Okay, right off the bat let me say, my intention here is not to offend anyone (which means I am pretty sure I will offend someone…) What started me thinking about this was a church sign I passed where, I believe, someone made a rather amusing mistake. The sign read, “Dead inside? You belong here!”
Zombies — by definition — are lifeless corpses that continue to function in an imitation of life, generally doing more damage than good. They are frightening, and if George Romero is to be believed, they seek one thing — to feed upon the living. Unfortunately, this is not an unfair metaphor for a number of mainline Protestant churches. Check the list: lifeless, going through the motions, trying to get new people upon which to feed. It is a pretty stark, but accurate description of a number of decaying churches.
In The United Methodist Church, over 50% of our congregations are in some sort of decline — much of it serious. I believe these congregations can be divided into five basic categories:
- declining but doing very good work
- declining but maintaining the status quo
- declining but losing focus and no longer making a positive impact
- declining and struggling to survive
- declining and waiting to close
It is churches in the last three categories that I want to address. It is an almost universal belief of churches in the last three categories that the solution to all their problems is “new blood.” New members, young families, youth, children, young adults — the list goes on and on. If only these “new” people would miraculously appear the church would have a bright new future. On the surface, this makes sense, but on deeper inspection there are some serious flaws to such reasoning.
- New people = change. One of the main contributing factors to the zombification of a congregation is the inability to change, adapt, or accept new/different ideas. Look at any depiction of a zombie — they are stiff, inflexible, and slow to change direction. New people are unlikely to be drawn to a congregation resistant to change.
- New people threaten the status quo. Zombies hang out together, and they look and act very much alike. They only attack those who are different (i.e., those filled with life, energy, and imagination). Many of our congregations say “we want new people” when they really mean is “we want more people exactly like us.”
- New people are disruptive. Pity the poor zombies, shambling along, minding their own business, when along come these cocky living people shooting them in the head and shoving them out of the way. New people come into congregations seeking action, engagement, and meaningful activity. They immediately “rock the boat,” challenging traditions, wanting to try new things, and questioning the established order. Existing members often begin to feel like an endangered species.
- New people shift the focus. Zombies are pretty single-minded. They do the same things over and over. They’re not very good at sharing. They are territorial. When new people move in there is an immediate battle for resources. Many congregations are only willing to welcome new people as long as no cost or sacrifice is required.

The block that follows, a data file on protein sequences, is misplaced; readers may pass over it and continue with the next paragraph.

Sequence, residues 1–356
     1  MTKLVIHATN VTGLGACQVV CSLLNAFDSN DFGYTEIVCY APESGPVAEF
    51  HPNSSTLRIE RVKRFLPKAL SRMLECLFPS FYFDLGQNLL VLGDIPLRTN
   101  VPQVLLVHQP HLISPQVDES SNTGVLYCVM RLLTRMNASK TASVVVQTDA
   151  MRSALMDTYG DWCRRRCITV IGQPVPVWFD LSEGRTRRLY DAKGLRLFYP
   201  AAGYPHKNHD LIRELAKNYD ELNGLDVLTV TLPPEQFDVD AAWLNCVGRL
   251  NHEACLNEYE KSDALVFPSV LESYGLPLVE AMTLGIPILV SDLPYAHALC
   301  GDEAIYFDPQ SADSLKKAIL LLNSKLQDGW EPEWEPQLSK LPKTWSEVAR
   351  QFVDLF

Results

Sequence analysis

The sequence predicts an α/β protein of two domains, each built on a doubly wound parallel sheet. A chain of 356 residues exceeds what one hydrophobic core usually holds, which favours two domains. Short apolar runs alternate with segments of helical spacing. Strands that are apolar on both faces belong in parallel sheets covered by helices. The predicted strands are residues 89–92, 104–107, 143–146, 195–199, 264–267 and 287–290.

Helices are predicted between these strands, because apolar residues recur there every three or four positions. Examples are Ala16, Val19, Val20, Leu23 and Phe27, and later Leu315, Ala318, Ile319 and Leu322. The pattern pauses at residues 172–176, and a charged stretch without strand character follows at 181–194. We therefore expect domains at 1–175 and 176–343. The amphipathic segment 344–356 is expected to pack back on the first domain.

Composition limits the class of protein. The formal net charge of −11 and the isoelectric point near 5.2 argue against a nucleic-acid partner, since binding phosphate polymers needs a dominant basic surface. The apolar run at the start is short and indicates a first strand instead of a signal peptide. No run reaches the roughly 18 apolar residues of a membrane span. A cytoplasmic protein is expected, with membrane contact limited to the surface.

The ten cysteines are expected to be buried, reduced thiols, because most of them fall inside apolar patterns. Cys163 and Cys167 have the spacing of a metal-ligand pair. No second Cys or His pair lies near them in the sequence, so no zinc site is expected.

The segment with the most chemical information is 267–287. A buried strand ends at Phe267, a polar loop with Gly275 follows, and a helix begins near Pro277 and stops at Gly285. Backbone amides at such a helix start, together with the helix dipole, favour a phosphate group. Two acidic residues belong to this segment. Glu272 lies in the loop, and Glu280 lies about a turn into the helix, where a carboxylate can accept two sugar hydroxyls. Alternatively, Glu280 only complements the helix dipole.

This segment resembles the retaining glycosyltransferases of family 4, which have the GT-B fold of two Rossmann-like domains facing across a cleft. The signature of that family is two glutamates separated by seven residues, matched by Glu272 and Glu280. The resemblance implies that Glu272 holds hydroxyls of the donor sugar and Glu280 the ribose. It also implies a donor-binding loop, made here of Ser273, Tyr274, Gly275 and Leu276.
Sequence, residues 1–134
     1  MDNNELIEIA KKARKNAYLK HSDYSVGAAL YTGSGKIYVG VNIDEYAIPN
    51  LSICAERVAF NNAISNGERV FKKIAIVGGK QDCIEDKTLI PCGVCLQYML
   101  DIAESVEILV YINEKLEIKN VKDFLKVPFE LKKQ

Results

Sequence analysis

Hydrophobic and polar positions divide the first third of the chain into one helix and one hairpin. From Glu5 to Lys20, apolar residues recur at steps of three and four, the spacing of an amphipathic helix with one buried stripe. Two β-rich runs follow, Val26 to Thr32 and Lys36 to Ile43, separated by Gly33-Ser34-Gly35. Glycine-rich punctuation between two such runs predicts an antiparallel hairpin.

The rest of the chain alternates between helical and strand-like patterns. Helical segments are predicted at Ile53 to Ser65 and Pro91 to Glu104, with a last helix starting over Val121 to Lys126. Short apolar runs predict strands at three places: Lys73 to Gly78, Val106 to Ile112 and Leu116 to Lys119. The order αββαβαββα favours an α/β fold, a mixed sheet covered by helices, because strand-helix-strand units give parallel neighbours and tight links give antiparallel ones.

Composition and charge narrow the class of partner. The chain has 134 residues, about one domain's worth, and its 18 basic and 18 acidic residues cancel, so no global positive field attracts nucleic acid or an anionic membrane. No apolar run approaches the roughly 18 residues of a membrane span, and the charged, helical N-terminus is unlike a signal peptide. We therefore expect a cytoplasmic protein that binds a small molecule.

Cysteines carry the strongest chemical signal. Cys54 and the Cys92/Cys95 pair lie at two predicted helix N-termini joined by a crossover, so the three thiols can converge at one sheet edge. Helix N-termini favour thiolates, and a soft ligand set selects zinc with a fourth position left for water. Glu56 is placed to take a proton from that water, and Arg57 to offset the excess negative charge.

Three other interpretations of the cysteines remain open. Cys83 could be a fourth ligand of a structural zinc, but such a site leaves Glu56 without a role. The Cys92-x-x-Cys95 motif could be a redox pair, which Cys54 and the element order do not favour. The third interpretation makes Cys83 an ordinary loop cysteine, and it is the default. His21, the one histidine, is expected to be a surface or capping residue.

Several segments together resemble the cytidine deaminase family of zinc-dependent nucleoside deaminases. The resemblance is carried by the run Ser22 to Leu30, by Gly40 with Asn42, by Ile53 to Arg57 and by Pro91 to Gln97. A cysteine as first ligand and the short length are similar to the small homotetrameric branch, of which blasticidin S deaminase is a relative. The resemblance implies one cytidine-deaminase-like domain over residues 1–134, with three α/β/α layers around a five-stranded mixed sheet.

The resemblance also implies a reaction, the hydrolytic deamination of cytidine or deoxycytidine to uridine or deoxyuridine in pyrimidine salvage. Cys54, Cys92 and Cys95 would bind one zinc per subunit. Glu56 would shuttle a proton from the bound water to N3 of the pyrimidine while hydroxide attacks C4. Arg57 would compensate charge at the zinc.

- New people have rights. Zombies don’t respect personal space. They’re not known for being fair, reasonable, compassionate, or considerate. They tend to be pushy, aggressive, and demanding. The living have very little desire to spend time around such behaviors. You get the church parallel…
The metaphor breaks down significantly at this point — zombies can’t change, congregations can. Congregations can work on flexibility and acceptance. They can develop practices of radical hospitality. They can increase their tolerance to disruption and discomfort. They can improve their emotional and social intelligence, becoming more respectful, more accommodating, and more inviting. They can work on creating strong relationships within the existing community by naming and addressing bad behaviors, while cultivating grace-filled behaviors. They can act to counter the debilitating attitudes, practices, and prejudices that exert such a deadly influence on the community of faith. No congregation has to tolerate the death and decay of the zombie way. It calls to mind the teaching of the Deuteronomist:
See, I have set before you today life and prosperity, death and adversity. If you obey the commandments of the Lord your God that I am commanding you today, by loving the Lord your God, walking in his ways, and observing his commandments, decrees, and ordinances, then you shall live and become numerous, and the Lord your God will bless you in the land that you are entering to possess. I call heaven and earth to witness against you today that I have set before you life and death, blessings and curses. Choose life so that you and your descendants may live…” (Deuteronomy 30:15-16, 19-20)
Categories: Congregational Life, Religion in the U.S.
ed…would love to talk to you about missional/incarnational ministry…please email me at firstname.lastname@example.org if you are interested in talking….
I pastor a 2-point charge in central Indiana and can relate to this all too well. One of the congregations fits category 4 (declining and struggling to survive) and the second fits category 5 (declining and waiting to close). It is very frustrating to me to have a God-vision for what we are called to be and trying to transition these congregations to a missional/incarnational ministry. They don’t want it! After 4 years I’m about ready to move on.
Great stuff. As a United Methodist I sometimes feel that I am in a movie like 28 Days Later 🙂
I am a layleader of a small downtown Indianapolis UMC that has gone through a de-Zombie-izing. It took three years and wasted hundreds of thousands of dollars and was a terrible process. A few of us stuck it out and learned much along the way and now we are a totally different type of place. we are still small and have a long way to go but i am still excited about the future.